guinee potin: ecomuseum
guinee potin: ecomuseum
apr 14, 2011

guinee potin: ecomuseum

‘eco museum’ by guinee potin in rennes, france all images courtesy guinee potin photographer: stéphane chalmeau

nantes-based architects guinee potin have completed ‘eco museum’, a public educational facility in rennes, france. in order to clearly communicate the nature of the program, the design incorporates ‘honest’ and ‘eco-biological’ materials, finishes and elements in the building’s expression.

guinee potin: ecomuseum exterior view

wrapped in a skin of chestnut shingles, the dominant character of the museum’s exterior expression is organic and natural. the structure becomes a type of signage, clearly conveying the purpose of the building from the outside. cantilevering over the main entrance to form a shade is a linear volume that houses the office and administrative programs. this inserted volume continues its structure into the lobby space, with small internal windows offering views into the common space.

guinee potin: ecomuseum facade treatment

untreated trunks of trees serve as structural supports throughout the building, giving the impression of the architecture ”growing” in its foundation. the roof hosts a  large area of growing vegetation which provides insulation and cuts down on cooling costs. 

guinee potin: ecomuseum green roof

guinee potin: ecomuseum (left) untreated lumber as structural components (right) interior view of office space overlooking the parking lot

guinee potin: ecomuseum lobby

guinee potin: ecomuseum entrance

guinee potin: ecomuseum elevated administrative volume

guinee potin: ecomuseum

guinee potin: ecomuseum night view

guinee potin: ecomuseum

guinee potin: ecomuseum

guinee potin: ecomuseum in context

guinee potin: ecomuseum site plan

guinee potin: ecomuseum floor plan / level 0

guinee potin: ecomuseum floor plan / level +1

guinee potin: ecomuseum longitudinal section

  • I fail to see the “ecology” behind cutting down hundreds of trees to apply in the “make-up” of this building.

    It seems to me that the best “eco”museum would be a natural environment such as a forest.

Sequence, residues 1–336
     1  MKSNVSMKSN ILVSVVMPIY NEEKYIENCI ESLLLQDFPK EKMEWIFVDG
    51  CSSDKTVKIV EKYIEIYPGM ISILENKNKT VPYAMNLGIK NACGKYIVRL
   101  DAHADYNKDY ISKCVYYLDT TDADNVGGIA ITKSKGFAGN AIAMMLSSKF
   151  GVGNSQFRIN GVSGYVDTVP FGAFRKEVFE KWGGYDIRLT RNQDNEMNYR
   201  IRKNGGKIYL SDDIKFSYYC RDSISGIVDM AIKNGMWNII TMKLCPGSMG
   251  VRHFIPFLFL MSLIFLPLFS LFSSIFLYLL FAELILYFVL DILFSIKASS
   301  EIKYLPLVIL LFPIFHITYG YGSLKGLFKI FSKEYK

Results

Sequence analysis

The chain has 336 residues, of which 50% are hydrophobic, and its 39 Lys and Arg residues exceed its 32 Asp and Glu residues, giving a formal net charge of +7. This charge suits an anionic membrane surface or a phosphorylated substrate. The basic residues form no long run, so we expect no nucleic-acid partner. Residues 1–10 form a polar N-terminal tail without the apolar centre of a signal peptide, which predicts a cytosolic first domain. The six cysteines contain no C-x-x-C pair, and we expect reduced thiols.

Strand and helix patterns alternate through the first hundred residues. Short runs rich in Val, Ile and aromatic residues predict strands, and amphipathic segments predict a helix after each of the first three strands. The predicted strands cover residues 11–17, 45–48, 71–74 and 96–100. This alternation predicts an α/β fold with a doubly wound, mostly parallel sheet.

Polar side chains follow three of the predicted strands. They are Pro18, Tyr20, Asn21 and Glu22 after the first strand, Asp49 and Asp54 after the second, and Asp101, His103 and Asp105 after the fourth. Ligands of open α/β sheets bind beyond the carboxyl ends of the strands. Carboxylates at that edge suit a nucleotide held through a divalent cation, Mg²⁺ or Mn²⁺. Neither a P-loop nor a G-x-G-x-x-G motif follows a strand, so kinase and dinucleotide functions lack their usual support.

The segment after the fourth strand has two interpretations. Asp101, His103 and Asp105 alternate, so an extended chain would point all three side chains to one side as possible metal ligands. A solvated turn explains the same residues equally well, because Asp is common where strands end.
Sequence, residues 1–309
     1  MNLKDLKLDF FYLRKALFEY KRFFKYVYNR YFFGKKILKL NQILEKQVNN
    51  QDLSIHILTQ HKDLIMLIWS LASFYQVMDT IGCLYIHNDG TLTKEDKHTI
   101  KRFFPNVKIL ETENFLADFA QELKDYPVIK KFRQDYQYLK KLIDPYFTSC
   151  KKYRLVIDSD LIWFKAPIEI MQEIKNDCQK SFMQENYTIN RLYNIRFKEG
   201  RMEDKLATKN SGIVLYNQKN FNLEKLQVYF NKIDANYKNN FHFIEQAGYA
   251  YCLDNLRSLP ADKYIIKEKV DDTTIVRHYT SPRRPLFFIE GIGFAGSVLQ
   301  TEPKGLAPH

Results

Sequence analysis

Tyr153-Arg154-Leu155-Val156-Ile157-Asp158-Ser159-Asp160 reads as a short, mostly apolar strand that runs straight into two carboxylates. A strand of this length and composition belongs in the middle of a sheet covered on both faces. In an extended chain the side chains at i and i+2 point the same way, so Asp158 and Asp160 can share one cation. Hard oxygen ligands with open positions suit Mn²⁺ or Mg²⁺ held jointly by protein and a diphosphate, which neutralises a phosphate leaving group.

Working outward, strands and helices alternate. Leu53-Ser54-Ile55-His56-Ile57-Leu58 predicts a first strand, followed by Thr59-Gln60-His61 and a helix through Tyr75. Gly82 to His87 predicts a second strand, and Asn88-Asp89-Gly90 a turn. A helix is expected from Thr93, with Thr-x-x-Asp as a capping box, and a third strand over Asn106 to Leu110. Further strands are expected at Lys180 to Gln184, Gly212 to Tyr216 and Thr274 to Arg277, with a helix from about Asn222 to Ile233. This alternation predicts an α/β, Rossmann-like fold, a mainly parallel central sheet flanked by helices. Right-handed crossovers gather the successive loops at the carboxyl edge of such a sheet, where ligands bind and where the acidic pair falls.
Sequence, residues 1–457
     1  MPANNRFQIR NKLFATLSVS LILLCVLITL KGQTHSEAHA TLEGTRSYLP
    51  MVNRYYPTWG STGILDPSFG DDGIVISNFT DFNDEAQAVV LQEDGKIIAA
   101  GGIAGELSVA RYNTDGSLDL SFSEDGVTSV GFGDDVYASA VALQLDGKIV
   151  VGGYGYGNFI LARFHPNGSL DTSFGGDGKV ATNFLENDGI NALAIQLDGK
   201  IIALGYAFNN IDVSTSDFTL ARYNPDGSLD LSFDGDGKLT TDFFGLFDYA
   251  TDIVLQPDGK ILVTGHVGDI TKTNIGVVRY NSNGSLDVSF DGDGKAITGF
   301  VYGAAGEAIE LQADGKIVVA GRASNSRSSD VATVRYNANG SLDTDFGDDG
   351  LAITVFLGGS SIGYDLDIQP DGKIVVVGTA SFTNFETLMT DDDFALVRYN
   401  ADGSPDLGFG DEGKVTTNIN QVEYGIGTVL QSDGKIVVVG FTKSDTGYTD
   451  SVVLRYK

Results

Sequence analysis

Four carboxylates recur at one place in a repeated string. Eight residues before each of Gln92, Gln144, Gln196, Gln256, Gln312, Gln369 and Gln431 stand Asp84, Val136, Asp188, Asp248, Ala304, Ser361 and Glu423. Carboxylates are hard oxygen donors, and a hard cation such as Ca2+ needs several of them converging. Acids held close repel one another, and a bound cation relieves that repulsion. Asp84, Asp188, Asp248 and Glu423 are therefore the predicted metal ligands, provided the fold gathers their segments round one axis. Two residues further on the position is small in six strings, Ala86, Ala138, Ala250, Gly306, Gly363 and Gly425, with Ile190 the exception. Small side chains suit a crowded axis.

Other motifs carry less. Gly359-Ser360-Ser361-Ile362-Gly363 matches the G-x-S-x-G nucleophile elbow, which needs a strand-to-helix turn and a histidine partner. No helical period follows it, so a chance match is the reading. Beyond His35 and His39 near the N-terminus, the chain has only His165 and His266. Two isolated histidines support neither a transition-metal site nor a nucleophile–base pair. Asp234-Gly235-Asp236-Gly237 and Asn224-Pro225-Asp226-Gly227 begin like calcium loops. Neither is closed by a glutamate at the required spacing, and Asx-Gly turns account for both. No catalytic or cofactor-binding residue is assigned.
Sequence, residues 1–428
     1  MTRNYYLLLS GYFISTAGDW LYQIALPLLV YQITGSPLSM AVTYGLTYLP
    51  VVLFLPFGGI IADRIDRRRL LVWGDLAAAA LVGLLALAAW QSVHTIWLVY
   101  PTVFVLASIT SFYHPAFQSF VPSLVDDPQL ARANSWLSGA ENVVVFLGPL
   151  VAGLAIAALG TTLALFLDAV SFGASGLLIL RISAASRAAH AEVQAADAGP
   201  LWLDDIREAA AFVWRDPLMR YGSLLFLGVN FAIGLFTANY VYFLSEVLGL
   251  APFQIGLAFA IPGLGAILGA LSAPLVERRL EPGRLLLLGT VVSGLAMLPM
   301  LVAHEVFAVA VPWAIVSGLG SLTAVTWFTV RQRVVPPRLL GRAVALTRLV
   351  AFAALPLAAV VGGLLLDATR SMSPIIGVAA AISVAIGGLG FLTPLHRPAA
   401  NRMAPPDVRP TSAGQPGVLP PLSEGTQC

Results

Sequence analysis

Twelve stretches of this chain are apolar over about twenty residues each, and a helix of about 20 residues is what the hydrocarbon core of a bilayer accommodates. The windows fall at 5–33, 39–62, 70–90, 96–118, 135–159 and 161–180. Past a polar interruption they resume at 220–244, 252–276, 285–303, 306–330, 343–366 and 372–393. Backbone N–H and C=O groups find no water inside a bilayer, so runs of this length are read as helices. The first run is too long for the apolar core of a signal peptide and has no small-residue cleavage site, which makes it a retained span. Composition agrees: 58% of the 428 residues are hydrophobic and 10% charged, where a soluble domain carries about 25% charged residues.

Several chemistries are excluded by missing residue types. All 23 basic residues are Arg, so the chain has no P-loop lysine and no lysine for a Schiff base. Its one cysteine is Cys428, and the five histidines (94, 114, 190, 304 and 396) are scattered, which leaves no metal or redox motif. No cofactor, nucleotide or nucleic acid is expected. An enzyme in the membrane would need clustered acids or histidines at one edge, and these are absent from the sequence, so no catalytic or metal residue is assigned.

djorge says:
  • contrary to popular opinion, the cutting down of trees is not in itself an ecologically unfriendly action – trees are a renewable and manageable resource

    politcally corrected says:
  • in many buildings one is expected to remove one’s shoes – here I feel I would be expected to don a pair of birkenstocks

    I really like the zig-zag wall, but seriously question the environmental efficacy of something that uses twice as much material and creates twice as much surface area exposed to the elements

    dbkii says:
  • @dbkii: The horizontal and angular roof surfaces are chiefly live plant matter, which IS elemental.

    Form (and materials) = Function (and image)

    Should be an excellent teaching aid, as was intended.

    Tom P says:
  • does it have earthquake resisting capacity????no u better think about that!!!!!!!!!1

    ayde says:
  • i think it will be better to not only apply natural elements but also apply the system of nature as the building system. ok. this building has already apply green roof, but i still wondering is the green roof can subtitutes land surface that already covered by the building. and better that the untreated trunk column not just as a symbol of nature but its should reflected that the building has a system as a tree (keep the ground water storage)

    zoobee says:

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